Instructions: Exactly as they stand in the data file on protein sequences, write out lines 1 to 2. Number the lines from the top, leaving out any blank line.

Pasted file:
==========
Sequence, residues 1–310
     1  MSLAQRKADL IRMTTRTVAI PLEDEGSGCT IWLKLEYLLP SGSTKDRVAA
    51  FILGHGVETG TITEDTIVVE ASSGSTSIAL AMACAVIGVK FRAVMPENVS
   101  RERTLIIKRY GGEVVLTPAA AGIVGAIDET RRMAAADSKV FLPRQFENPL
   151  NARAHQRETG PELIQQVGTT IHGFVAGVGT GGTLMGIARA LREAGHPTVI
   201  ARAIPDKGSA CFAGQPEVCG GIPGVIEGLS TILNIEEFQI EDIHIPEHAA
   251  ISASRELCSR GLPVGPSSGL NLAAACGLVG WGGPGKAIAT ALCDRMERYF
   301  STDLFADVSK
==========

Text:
Sequence, residues 1–310
     1  MSLAQRKADL IRMTTRTVAI PLEDEGSGCT IWLKLEYLLP SGSTKDRVAA